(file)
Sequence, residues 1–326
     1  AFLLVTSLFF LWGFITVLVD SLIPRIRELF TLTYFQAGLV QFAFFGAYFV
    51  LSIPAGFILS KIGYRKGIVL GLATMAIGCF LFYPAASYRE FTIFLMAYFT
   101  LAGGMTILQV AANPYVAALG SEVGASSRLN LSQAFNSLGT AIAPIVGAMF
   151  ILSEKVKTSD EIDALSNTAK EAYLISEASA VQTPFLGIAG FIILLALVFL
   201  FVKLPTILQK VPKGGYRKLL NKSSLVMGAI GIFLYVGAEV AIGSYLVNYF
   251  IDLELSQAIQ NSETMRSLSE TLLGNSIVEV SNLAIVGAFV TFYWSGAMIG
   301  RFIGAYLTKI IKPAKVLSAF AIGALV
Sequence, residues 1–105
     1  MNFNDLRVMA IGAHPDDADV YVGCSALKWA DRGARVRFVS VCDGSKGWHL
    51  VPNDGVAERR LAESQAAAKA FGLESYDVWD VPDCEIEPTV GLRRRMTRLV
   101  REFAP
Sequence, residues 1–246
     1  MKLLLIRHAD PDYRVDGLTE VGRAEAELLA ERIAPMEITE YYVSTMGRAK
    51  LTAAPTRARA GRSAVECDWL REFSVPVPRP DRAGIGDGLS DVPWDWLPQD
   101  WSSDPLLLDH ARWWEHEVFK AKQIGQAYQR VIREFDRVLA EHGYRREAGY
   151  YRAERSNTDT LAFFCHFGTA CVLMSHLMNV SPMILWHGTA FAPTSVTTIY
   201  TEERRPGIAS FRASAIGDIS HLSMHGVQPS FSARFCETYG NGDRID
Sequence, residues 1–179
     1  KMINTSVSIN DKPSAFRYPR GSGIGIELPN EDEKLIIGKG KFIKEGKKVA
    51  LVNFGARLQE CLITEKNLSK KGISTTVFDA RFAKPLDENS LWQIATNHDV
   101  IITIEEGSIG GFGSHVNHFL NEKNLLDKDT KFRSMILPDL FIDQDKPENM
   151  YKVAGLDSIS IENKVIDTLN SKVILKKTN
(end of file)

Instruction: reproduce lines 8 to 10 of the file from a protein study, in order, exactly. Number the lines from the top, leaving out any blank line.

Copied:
   301  RFIGAYLTKI IKPAKVLSAF AIGALV
Sequence, residues 1–105
     1  MNFNDLRVMA IGAHPDDADV YVGCSALKWA DRGARVRFVS VCDGSKGWHL